with the length of use of mobile phones (P-value <0.01). Our findings indicate the mobile phones can carry potentially threatening species of S. aureus which can cause severe health hazards to humans. Awareness about regular disinfection of mobile phones, hand hygiene, restricting the use of mobile phones in contaminating areas and proper place for storing mobile phones can be suggested. Keywords: Mobile phones, MRSA,VISA                                                                                                            Introduction The users of mobile phones are increasing day by day with 4.61 billion users in 2017 and is anticipated to become 5.07 billion in the year 2019 https://www.statista.com/statistics/274774/forecast-of-mobile-phone-users-worldwide/. Staphylococcus aureus is the commensal flora of several animals and humans 1.The fact that mobile phone could create a key health hazard has been revealed by several researches. Because of the dual effect of constant handling and the heat generated by the phones, mobile phones provide a major breeding ground for all sorts of microorganisms that are normally found on the human skin 2.The surface area of an adult human skin is about 2m2 harboring about 1012 bacterial cells/person 3.The mobiles phone comes into contact with contaminated human body parts with hands to hands, and hands to other parts like mouth, nose and ears, during the phone call 4. Mobile phones may harbor different pathogenic bacteria because they are commonly handled regardless of the sanitation of hands and hardly disinfected 5. The use of such mobile phone serves as a potential vehicle for the spread of nosocomial pathogens including multidrug-resistant pathogens such as MRSA 6. In recent years, community-acquired MRSA (CA-MRSA) strains, the rapidly becoming dominant pathogens in the community, have emerged 3.Vancomycin is the antibiotic for the treatment of MRSA cases but several reports have shown that MRSA intermediate and resistant patterns against vancomycin and treatment of MRSA cases with vancomycin is extremely problematic 7,8. Presence of such pathogenic bacteria like MRSA, VISA and MDR S. aureus in mobile phones can indicate the immediate medical attention to abate this issue.   Although the contamination of mobile phones of health workers has been studied, little information regarding the contamination of personal mobile phones of people in the community exists. Bacterial flora on cell phones may vary in composition, number and antibiotic sensitivity from person to person. This is probably the first study in Nepal that attempts to study the bacterial flora present on the mobile phones in community samples and their antimicrobial susceptibility patterns. In this study, we have identified MRSA, VISA and MDR Staphylococcus aureus from mobile phones used bythe students and the staffs and also have drawn a significant association between various attributes of users and mobile phones with the isolation rate of S. aureus.   Materials and methods This cross-sectional study was carried out at the Microbiology laboratory of Birendra Multiple Campus, Bharatpur, Chitwan, Nepal from February to May, 2017.   Sample Size: A total of 200 mobile phone swabs were collected amongst the staffs and students of Birendra Mutiple Campus. Culture of Specimen: Screens and keypads of mobile phones were swabbed with the sterile cotton swabs soaked in normal saline and immersed in peptone water and left for incubation at 37°C for 24 hours. On the following day, a loopful of the growth was streaked on MSA and again incubated for 24 hours at 37°C. Yellow colonies on MSA showing violet color with grapes like clusters on Gram's staining were sub-cultured on NA and BA 9. Further, hemolysis was observed on blood agar for the identification of S. aureus. Identification of Isolates: Those colonies from NA giving positive Gram's reaction were further tested for oxidase, catalase, coagulase, DNase and oxidative/fermentative tests for the confirmation of S. aureus 9. Antibiotic Susceptibility Test: Antibiotic Susceptibility tests were performed by the disc diffusion method recommended by Clinical and Laboratory Standards Institute using Muller Hinton Agar 10. Firstly, MHA plates were swabbed by a bacterial suspension using sterile normal saline comparable to 0.5 McFarland turbidity standards. Using sterile tweezers, antimicrobial discs tetracycline (30 mcg), gentamicin (10 mcg), cloxacillin (5 mcg), amikacin (30 mcg), erythromycin (10 mcg), vancomycin (10 mcg), cefoxitin (30 mcg), cotrimoxazole (15 mcg), ciprofloxacin (5 mcg) and ceftriazone (30 mcg) were placed widely spaced aseptically on the surface of MHA plate. Tweezers were re-flamed after application of each disc. The plates were then incubated at 37°C for 24 hours. Following incubation, the diameter of inhibition zone were measured with a transparent ruler and expressed in millimeters (mm).  AST was performed for all the bacterial isolates. Multidrug resistance was defined as resistance to three or more of the antimicrobial agents belonging to different structural classes 11. For identification and standardization of the Kirby-Bauer test, standard culture of S. aureus ATCC 25923 was used as a reference strain. Statistical analysis: Data were tabulated and analyzed by using SPSS version 20. P-values less than 0.01 were considered to have significant association. Ethical Considerations: This study was approved by the Department of Microbiology, Birendra Multiple Campus. A questionnaire was used to collect personal as well as behavioral data. The questionnaire was arranged based on previous studies and according to the authors own insights of probable factors that could contribute to the contamination of mobile phones. Informed consent was taken from the staffs and students of Birendra Multiple Campus prior to collecting samples and filling the structured questionnaire.   Results Out of   200 mobile phones swabbed, bacterial growth was found on 112 (56%) samples. Of the 10 different antibiotics used, gentamicin 101(90.2%) was found to be the most effective followed by amikacin 95(84.8%). In contrast, cefoxitin 42(37.5%) was the least active antibiotics. Thirty (26.8%) bacterial isolates were detected as methicillin resistant S. aureus (MRSA) whereas 58(51.8%) bacterial isolates were found to be vancomycin intermediate S. aureus (VISA) and 24(21.4%) isolates were multiple drug resistant (MDR) (Table 1). Signification association was noted between the occurrence of bacterial isolates and various attributes. Mobile phones used in toilets and used for more than 2 years were found to be heavily contaminated by S. aureus, MRSA and MDR isolates (P-value<0.01) whereas practice of disinfecting the mobile phones reduced their rates of isolation (P-value<0.01).(Table 2). The number of MRSA isolates was quite higher in the mobile phones carried in pockets than those carried in mobile-bags (P-value <0.01) (Table 3). A significant association was observed between the presence of MDR isolates and the gender of the users. A large number of MDR S. aureus 16(66.7%) was detected from the mobile phones used by females compared to those used by males 8(33.3%) (P-value<0.01) (Table 4). Discussion In the present study, 56.0% of the mobile phones were found to harbor S. aureus. This finding is 16.5% lower than the growth rate of S. aureus (MSSA) on mobile phones used by non-health workers and almost 25.0% lower than S. aureus (Both MSSA and MRSA) on the mobile phones used by health care workers as reported by Chawla et al 12.  Similaly, in our finding the rate of contamination of mobile phones by S. aureus was found to be higher than the figures reached by studies on S. aureus contamination of mobile phones of health workers conducted in Palestine (27.0%) by Elmanama et al 13; in Turkey (52.0%) by Ulger et al 14; in Ethiopia (21.0%) by Gashaw et al 15 and in Nigeria (50.0%) by Ilusanya et al 16. Unlike the work by Chawla et al 12 who reported none of the bacterial isolates from mobile phones used by health-workers in India developed drug resistance, our findings identified 30(26.8%) of the bacterial isolates were  methicillin resistant and 24(21.4%) were multiple drug resistant. Elkholy et al reported 31.0% S. aureus isolated from mobile phones were methicillin resistant 4. A report by Heyba et al showed that MRSA was identified in 3(1.4 %) mobile phones among which none was resistant to vancomycin 17. In our work, 26.8% of S. aureus were found to be resistant against cefoxitin which is nearly similar to a study conducted by Kuhu Pal et al, who showed almost 21.0% of S. aureus isolated from mobile phones were resistant to Cefoxitin 18. None of the S. aureus was noted to be resistant against vancomycin in Kuhu Pal's work which is consistent with our study. Similarly, Chawla et al also reported the presence of 20.0% of MRSA on the mobile phones used by health care workers in teaching institution, Manipal, Karnataka, India. But no MRSA were detected from non-health worker's mobile phones in their study 12. Similarly, in India, Bhat et al found 40.0% MRSA and 58.6% MSSA from mobile phones of medical personnel 19. In health care settings, MRSA can cause terrible consequences. It can cause bloodstream infections, if not treated properly it can also result sepsis and even deaths (https://www.cdc.gov/mrsa/healthcare/index.html). In another study, Kuhu Pal revealed that conventional keypads phones (94.4%) were greatly contaminated than touch-screen phones (67.86%) 18. In contrast, in our study, 86.6% of touch-screen phones and 13.4% of key-pad phones were found to be contaminated. In our study, 37.0% users were found to have never used any disinfectants their mobile phones. This figure is quite lesser than a research carried out by Sadat-Ali in Saudi Arabia who reported that 76.0% of the clinicians had never disinfected their mobile phones 20. Similarly, a work done at one of the hospitals in Kuwait by Heyba et al pointed out that 66.5% of the participants had never disinfected their mobile phones 17. Microbial contaminations are the risks related with the irregular cleaning of phones 21. Our study shows a significant association between the disinfection process and the rate of contamination by S. aureus (P-value<0.01), MRSA (P-value <0.01) and MDR S.  aureus (P-value<0.01). The rate of incidence of contamination of mobile phones held by females in IUG (Islamic University of Gaza) (52.0%) was lower than that of male counterparts (79.0%) 13. Auhim's findings in Iraq were consistent with this, which showed that the rate of bacterial contamination of personal mobile phones of males was 85.0% compared with 80.0% of females 22. Similarly, in the present study, we observed a higher rate of incidence of bacterial contamination in the mobile phones carried by males (52.7%) than those carried by the females (47.3%). We also noted a significant association between the isolation rate of MDR S. aureus and gender of the users (P-value <0.01). Female users had their mobile phones more contaminated with MDR S. aureus than the males. In a research work performed by Salha H.M and Al-Zahrani in 2012, it was found that fingernails can also harbor MDR S. aureus 23. Females have longer nails which can directly transmit MDR S. aureus to the mobile phones while using. In a study presented in a meeting of the Infectious Disease Society of America in San Francisco, researchers showed that artificial and natural nails longer than 3 millimeters beyond the tip of the finger, or the length of a pencil tip, transport more harmful bacteria and yeast under them as compared to the short nails (http://abcnews.go.com/Health/story?id=117161).   Akinyemi et al concluded that S. aureus was the most encountered bacterial agent, probably because this type of bacteria proliferates in optimum temperatures, as phones are kept warm in pockets, handbags and brief cases 24. Our study reveals that 83.3% MRSA were isolated from the mobile phones carried in the pants and shirts and only 5(16.7%) bacteria were isolated from mobile phones carried in bags. A study conducted by Kuhu Pal illustrated that a large number of users carry their phones in clothes than in bags but in this study the rate of contamination was found to be higher in mobile phones stored in bags (95.4%) than those carried in clothes (84.6%) 19. There was no significant association between the rate of isolation of MDR S. aureus and the storage of mobile phones (P-value>0.01) in our study. Similarly, no significant association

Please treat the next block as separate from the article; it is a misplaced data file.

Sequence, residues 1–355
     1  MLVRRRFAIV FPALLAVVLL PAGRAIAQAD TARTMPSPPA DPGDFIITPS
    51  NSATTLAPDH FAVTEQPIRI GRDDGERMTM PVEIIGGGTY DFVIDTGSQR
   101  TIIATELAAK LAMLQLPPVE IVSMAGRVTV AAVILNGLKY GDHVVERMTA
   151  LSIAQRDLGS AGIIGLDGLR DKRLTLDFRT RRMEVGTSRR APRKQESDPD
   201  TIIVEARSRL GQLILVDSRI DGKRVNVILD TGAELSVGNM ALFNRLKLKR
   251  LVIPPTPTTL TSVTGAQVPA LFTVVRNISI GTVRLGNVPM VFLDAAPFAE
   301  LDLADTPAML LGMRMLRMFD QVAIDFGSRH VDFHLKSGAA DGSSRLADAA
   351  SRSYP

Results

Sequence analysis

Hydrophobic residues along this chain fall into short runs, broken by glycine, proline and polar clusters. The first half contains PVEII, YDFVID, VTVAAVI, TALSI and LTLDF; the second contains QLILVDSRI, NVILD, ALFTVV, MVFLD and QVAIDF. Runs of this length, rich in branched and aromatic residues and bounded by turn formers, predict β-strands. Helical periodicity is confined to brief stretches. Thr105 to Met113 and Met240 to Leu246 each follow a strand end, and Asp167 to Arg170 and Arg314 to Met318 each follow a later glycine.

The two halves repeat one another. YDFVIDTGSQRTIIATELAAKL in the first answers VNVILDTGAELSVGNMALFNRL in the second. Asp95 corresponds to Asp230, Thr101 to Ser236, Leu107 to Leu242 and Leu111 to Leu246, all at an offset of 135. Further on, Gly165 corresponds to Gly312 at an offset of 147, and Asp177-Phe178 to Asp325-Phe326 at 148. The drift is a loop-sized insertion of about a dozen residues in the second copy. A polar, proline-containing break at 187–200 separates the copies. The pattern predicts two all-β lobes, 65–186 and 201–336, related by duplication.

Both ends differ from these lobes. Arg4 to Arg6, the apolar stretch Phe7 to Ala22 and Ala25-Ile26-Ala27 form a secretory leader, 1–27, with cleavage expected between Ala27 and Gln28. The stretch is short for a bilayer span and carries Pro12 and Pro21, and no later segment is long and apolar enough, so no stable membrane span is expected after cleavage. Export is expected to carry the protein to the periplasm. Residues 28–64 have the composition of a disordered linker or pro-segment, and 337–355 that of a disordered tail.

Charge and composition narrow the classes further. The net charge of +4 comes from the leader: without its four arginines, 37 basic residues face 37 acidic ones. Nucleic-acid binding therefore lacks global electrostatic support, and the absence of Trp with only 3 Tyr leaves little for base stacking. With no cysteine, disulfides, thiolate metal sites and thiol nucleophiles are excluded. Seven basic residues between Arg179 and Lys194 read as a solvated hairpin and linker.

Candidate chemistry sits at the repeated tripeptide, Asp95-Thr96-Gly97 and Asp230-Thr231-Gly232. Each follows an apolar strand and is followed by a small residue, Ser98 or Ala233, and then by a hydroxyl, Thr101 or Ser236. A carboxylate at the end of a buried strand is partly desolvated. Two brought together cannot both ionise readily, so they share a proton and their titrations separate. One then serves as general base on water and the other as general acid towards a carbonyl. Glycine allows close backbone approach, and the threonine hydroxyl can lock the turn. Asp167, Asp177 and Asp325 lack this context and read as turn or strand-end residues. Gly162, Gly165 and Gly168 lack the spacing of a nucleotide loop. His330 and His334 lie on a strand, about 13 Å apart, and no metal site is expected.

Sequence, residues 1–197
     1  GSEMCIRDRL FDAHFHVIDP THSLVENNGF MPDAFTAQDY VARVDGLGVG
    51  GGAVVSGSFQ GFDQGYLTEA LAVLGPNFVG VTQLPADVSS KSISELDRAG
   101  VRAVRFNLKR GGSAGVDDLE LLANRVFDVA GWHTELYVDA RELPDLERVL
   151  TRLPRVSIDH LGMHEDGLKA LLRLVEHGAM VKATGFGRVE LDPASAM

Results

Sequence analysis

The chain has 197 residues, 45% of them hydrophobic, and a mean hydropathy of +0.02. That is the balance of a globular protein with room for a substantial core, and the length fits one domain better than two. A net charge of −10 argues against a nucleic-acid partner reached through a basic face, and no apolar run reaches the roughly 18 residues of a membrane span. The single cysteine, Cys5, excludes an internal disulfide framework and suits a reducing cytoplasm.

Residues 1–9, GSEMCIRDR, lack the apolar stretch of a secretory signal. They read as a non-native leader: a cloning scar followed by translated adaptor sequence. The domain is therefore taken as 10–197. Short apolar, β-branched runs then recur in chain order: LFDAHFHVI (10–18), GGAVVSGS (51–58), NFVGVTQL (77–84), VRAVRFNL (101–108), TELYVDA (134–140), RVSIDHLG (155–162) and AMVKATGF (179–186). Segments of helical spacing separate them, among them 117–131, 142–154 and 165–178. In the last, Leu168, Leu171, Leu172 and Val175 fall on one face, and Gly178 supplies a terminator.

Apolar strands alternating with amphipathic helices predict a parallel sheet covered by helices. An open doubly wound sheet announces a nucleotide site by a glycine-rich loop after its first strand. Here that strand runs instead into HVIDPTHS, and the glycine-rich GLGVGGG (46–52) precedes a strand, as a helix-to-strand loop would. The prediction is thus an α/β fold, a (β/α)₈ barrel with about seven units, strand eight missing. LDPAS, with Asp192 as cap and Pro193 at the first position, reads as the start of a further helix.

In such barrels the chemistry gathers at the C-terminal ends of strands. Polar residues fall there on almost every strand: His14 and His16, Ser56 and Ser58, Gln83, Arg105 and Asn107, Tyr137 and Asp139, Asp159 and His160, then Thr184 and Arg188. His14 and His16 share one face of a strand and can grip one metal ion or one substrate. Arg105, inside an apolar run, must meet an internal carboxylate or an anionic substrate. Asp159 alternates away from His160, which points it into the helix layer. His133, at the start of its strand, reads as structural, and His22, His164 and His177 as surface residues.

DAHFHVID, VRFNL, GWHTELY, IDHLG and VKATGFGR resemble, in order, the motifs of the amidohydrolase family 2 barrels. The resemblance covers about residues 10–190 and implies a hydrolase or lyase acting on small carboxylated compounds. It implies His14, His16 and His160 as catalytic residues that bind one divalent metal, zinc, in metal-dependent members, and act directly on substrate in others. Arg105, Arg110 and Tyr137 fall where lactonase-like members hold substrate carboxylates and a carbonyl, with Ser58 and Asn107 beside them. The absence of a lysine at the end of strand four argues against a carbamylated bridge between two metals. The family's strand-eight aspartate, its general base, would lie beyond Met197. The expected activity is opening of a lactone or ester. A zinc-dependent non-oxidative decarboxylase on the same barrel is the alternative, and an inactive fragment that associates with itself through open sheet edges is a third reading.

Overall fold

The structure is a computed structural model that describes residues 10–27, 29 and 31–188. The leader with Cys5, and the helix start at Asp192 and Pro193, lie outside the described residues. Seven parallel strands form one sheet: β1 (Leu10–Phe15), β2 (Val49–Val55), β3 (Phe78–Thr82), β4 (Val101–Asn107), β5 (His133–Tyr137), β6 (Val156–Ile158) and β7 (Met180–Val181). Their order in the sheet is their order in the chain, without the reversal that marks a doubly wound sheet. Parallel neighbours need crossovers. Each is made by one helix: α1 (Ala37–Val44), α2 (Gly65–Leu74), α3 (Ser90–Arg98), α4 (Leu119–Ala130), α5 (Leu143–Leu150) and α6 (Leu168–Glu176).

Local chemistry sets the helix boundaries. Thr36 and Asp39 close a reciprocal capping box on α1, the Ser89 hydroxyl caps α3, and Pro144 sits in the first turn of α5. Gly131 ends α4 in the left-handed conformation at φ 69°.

was noted in the study conducted by Kuhu Pal regarding the rate of isolation S. aureus and storage of mobile phones (P-value>0.1) 19.

A study conducted by Zakai
et al revealed that 59.0% medical students used their mobile phones in the
toilets 25.This finding is comparatively higher than our study in
which 40.2% of the respondents used their mobile phones in toilets.. Mobile
phones can act as fomites as they are contaminated by users from areas such as
toilets, hospitals and kitchens, which are burdened with microorganisms 26. Further, Giannini et al reported that
hospitals toilets are the source for MRSA 27.
The MRSA are very difficult to kill and
are significantly dangerous as stated by San Diego County Health and Human
Services Agency which also reported that MRSA is spread by person-to-person
contact and is frequently harbored in toilet bowls and dirty environment (https://healthyliving.azcentral.com/bacteria-found-in-toilet-bowls12320100.html). Using mobile phones in such environments can be one of the
reasons for presence of MRSA on the mobile phone surface. It is also revealed in our study that the mobile
phones used in the toilets were tremendously contaminated with S aureus (P-value<0.01) and also a significant number of MRSA (P-value <0.01) and MDRS. aureus (P-value<0.01) were found in the mobile phones used in toilets. Furthermore, in our study, mobile phones used for more than 24 months were found to be highly contaminated with MRSA, VISA and MDR S. aureus. This may be due to the fact that older phones are more hospitable to S. aureus for proliferation. Conclusion Occurrence of MRSA, VISA and MDR S. aureus in the mobile phones as observed in the present study can be a potential threat to humans and medical fraternity as well. Therefore, increase in awareness to decontaminate the mobile phones by effective disinfectant would be useful. Proper and judicious use of antibiotic should be recommended to prevent the emergence of MDR bacteria. Using mobile phones in the contaminating areas like toilets should be discouraged. Good hygienic practices of users are necessary in order to prevent cross-contamination.   Author's contribution: Sujan Khadka, SanjibAdhikari and Pabitra Shrestha conceived and designed the study, accomplished the laboratory works and analyzed the data. Sujan Khadka, Sanjib Adhikari and Santosh Khanal drafted the manuscript. Sanjib Adhikari monitored the study. All the authors state that there is no conflict of interests.   Acknowledgements: The authors would like to appreciate the students and staffs of Birendra Multiple campus for providing mobile phone samples and responding enthusiastically to the questionnaire developed.